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How To Collect And Save Rainwater With A Rain Barrel

Updated on October 4, 2012
Photo of homemade rain barrel.
Photo of homemade rain barrel.

How To Collect Rainwater

Water bills are rising in most areas of the country and are expected to double in the coming decade due to growing shortages. You can save the rainwater that falls on your roof and washes down the storm drain to water your plants, even wash your car. You may even qualify for a local or state rebate in some areas, for installing a rain barrel or cistern.

How To Make A Rain Barrel.

You'll find a good video tutorial about how to build your own rain barrel at the bottom of this article.

Often there are rebates from your local water utility for purchasing your own rain barrel. You can now find rain barrels for sale at Home Depot, among other places.

Making your own rain barrel is fairly easy. You just need a food grade plastic barrel, some coarse screen to cover the top, and a valve and overflow tube. You attach the overflow tube just below the lip of the barrel to prevent water from spilling over the sides and creating a stain.

Considerations When Installing Rainwater Collection Systems

Make sue that you cover the top of any open barrels with a secure, heavy lid and screen, to keep kids and pets out of the barrel. Don't worry about the little bit of algae that collects in the barrel over time. It is not harmful to your plants.

You might consider installing a larger rainwater catchment system such as a cistern. You can purchase a 500 gallon tank from places such as Tractor Supply for a few hundred dollars and install it yourself, or have a local handyman do it for you.

When installing a large rainwater cistern, make sure that the ground can support the heavy weight and that you have built up a proper base. You'll want to truck in a load of sand or sandy loam to build a level base for the tank to sit on.

Making The Rainwater Collection Tank More Attractive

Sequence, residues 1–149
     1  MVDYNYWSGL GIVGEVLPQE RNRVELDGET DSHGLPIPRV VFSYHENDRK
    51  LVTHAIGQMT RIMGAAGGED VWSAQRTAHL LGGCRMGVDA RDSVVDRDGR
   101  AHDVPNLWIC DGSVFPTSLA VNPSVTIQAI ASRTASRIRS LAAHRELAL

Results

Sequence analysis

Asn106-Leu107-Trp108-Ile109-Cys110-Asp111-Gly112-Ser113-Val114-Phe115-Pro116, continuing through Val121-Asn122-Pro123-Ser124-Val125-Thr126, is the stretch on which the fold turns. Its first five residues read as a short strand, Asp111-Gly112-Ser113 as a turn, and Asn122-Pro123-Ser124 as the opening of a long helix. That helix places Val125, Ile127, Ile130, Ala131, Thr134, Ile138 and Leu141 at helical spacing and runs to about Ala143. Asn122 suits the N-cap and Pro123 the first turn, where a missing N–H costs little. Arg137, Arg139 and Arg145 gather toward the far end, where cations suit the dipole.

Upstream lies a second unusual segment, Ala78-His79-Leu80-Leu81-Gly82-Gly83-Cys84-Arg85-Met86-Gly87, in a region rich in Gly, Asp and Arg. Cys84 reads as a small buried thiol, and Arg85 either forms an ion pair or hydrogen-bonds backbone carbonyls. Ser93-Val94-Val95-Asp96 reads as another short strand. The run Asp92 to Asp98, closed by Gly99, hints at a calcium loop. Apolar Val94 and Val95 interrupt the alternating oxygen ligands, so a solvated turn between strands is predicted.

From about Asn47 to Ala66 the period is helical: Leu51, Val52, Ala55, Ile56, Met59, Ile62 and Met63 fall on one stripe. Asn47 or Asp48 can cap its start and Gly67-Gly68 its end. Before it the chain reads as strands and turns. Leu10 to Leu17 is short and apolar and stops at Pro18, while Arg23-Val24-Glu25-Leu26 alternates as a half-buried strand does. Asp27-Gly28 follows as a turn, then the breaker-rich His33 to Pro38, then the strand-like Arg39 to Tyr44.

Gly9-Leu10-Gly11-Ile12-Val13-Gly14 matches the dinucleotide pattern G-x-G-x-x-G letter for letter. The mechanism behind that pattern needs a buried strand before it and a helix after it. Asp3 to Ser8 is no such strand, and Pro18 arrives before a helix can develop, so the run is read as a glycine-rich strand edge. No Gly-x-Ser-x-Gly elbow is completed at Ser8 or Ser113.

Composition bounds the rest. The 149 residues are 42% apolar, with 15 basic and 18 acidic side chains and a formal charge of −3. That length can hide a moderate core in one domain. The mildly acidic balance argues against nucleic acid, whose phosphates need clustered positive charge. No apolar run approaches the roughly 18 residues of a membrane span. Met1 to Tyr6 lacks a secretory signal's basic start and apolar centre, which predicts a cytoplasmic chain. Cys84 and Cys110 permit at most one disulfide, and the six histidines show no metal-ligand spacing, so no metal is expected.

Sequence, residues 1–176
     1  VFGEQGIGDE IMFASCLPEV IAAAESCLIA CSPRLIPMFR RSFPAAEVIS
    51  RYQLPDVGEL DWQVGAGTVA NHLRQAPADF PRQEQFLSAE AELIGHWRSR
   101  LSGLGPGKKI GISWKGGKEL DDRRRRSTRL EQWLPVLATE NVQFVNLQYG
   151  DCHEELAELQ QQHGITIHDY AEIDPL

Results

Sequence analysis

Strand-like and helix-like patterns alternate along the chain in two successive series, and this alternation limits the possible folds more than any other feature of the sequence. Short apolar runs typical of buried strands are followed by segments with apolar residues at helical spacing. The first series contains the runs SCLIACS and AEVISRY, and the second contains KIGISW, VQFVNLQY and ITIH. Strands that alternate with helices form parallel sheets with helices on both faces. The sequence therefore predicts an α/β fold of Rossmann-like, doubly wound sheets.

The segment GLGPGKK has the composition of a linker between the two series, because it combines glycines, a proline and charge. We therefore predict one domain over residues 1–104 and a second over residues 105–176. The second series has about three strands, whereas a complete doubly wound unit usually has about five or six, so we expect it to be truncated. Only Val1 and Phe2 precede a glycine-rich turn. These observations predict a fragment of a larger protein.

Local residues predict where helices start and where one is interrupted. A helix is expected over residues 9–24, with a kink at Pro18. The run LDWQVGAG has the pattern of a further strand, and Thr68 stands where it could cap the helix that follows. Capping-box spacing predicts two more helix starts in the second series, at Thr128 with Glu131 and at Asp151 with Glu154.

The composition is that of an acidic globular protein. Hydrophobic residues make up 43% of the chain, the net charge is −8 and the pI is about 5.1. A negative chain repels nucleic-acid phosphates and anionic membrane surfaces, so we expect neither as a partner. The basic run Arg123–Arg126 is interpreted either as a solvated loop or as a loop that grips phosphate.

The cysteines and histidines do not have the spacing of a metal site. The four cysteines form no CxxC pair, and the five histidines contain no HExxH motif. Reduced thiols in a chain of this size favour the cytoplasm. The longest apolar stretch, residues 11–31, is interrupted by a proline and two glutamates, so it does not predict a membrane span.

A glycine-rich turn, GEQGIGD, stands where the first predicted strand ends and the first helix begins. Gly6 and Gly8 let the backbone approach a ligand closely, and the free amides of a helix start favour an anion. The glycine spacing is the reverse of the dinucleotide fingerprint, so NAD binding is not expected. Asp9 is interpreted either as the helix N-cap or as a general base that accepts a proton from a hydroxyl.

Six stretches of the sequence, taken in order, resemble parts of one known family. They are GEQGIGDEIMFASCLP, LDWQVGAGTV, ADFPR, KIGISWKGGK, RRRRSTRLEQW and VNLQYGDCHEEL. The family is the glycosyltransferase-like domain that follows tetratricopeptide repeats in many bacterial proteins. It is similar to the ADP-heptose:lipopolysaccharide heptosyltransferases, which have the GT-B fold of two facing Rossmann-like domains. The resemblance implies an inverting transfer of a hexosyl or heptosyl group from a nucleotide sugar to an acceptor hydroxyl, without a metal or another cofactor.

A big concern to many homeowners is the appearance of above ground rainwater cisterns.

To make plastic tanks more attractive consider ringing the tank with cedar fence pickets and banding them with a couple rings of galvanized strapping to create the appearance of an old wooden water tank or barrel. you can also surround the tank with bamboo screening or cover the gank with chicken wire and plant fast growing ivy to cover the tank.

Safety Of Rainwater Tanks

For cisterns use only tanks with closed tops to prevent drowning accidents and to keep wild animals and birds from falling into the tank. Cover any openings large enough for cats for birds to enter with heavy gauge screen mesh.

Have a gutter installer come and add any additional gutters you need and to divert your gutters into the tank. You might also consider adding a small electric pump so that you can run sprinklers or wash cars with the water you collect in your rainwater cistern.

For more ways to save water see

DIY Rain Barrel Video From Penn State University


Submit a Comment

  • Better Yourself profile image

    Better Yourself 4 years ago from North Carolina

    Love this idea! Definitely a great way to recycle water and save money. Thanks for sharing!

  • doodlebugs profile image

    doodlebugs 5 years ago from Southwest

    Rain barrels are a great way to cut down on your water bill. We have four of them and plan on adding even more.

  • SEO Expert Kerala profile image

    SEO Expert Kerala 8 years ago from KERALA

    nice work ,in india we used to collect rainwater in special ponds so hugw gallon of water is collected through it

  • profile image

    ColdWarBaby 8 years ago

    If we stay here in New Mexico, that's something we'll need to do. Water is already a problem here and it will only get worse.

  • Pete Maida profile image

    Pete Maida 8 years ago

    I'm going to consider doing that. I saw one of the larger water catchments in the world on the steep slope of the Rock of Gibraltar. It seems to work well for them.